Poem of the day

The Healers
by Laurence Binyon (1869-1943)

In a vision of the night I saw them,
⁠      In the battles of the night.
’Mid the roar and the reeling shadows of blood
⁠      They were moving like light,

Light of the reason, guarded
⁠      Tense within the will,
As a lantern under a tossing of boughs
⁠      Burns steady and still.

With scrutiny calm, and with fingers
⁠      Patient as swift
They bind up the hurts and the pain-writhen
⁠      Bodies uplift,

Untired and defenceless; around them
⁠      With shrieks in its breath
Bursts stark from the terrible horizon
⁠      Impersonal death;

But they take not their courage from anger
⁠      That blinds the hot being;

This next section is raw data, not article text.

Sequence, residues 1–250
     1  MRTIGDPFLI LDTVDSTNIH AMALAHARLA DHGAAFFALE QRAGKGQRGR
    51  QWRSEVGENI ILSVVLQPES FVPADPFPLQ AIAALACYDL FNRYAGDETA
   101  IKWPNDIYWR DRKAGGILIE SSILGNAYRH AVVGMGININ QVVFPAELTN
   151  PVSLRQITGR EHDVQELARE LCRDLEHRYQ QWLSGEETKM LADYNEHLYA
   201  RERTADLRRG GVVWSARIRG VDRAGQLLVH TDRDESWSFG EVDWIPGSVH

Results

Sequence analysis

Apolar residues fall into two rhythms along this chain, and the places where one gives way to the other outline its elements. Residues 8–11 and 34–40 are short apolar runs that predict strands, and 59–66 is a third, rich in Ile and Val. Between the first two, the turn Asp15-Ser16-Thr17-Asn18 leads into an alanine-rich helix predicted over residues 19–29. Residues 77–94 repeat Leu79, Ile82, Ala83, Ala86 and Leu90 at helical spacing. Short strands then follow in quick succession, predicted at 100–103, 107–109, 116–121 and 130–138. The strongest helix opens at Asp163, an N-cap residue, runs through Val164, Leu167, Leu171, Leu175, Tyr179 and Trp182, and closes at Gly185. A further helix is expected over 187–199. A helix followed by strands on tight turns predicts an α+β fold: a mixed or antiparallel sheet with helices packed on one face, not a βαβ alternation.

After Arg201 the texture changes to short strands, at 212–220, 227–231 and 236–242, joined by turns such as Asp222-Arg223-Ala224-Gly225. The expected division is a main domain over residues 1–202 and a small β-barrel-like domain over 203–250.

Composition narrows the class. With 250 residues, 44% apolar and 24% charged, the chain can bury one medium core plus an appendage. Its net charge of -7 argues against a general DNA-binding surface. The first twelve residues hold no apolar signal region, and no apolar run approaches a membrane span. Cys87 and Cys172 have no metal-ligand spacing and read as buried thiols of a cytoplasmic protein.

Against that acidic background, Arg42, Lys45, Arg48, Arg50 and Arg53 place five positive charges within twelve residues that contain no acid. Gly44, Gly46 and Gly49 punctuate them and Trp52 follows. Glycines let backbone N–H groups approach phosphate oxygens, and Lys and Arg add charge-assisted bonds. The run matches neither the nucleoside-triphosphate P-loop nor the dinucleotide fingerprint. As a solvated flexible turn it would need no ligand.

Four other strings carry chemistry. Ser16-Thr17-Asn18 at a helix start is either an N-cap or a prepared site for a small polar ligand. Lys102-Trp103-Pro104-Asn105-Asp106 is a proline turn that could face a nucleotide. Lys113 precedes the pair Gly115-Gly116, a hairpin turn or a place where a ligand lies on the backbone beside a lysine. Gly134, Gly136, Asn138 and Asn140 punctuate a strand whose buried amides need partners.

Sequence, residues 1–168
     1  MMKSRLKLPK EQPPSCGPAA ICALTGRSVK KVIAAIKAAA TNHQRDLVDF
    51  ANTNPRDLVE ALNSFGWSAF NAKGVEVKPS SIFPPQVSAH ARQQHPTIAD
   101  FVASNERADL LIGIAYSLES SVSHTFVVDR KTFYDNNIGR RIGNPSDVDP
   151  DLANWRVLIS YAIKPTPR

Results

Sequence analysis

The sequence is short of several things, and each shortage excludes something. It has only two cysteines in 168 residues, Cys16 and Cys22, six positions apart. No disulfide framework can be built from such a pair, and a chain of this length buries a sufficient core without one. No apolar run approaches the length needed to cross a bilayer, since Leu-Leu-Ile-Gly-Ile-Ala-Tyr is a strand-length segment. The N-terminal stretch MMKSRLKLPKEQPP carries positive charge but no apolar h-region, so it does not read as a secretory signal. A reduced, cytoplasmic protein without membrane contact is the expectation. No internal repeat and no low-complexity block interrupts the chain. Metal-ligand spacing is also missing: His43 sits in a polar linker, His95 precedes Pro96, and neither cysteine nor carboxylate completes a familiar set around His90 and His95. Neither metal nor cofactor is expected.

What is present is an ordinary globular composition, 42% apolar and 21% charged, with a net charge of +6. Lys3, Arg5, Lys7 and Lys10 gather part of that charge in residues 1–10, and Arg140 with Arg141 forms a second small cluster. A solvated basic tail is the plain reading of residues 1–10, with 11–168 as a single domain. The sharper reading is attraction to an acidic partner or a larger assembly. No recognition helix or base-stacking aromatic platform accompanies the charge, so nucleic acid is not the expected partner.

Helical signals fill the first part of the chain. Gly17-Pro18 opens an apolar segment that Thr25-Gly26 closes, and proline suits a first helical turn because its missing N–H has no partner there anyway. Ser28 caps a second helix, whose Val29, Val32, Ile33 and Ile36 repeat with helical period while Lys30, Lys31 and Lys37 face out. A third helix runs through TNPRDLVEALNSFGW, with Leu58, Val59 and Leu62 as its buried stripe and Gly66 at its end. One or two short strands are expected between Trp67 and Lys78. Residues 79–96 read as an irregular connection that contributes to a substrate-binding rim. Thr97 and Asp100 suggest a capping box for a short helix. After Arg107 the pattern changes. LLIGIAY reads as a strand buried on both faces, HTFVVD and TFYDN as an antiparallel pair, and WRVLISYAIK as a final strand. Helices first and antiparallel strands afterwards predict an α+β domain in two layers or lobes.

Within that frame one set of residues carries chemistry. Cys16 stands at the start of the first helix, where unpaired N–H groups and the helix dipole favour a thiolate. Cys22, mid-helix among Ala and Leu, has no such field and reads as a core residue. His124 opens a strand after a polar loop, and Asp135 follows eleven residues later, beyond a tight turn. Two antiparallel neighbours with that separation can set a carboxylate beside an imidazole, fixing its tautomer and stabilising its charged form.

They take not their pity from weakness;
⁠      Tender, yet seeing;

Feeling, yet nerved to the uttermost;
⁠      Keen, like steel;
Yet the wounds of the mind they are stricken with,
⁠      Who shall heal?

They endure to have eyes of the watcher
⁠      In hell, and not swerve
For an hour from the faith that they follow,
⁠      The light that they serve.

Man true to man, to his kindness
⁠      That overflows all,
To his spirit erect in the thunder
⁠      When all his forts fall,—

This light, in the tiger-mad welter,
⁠      They serve and they save.
What song shall be worthy to sing of them
⁠      Braver than the brave?

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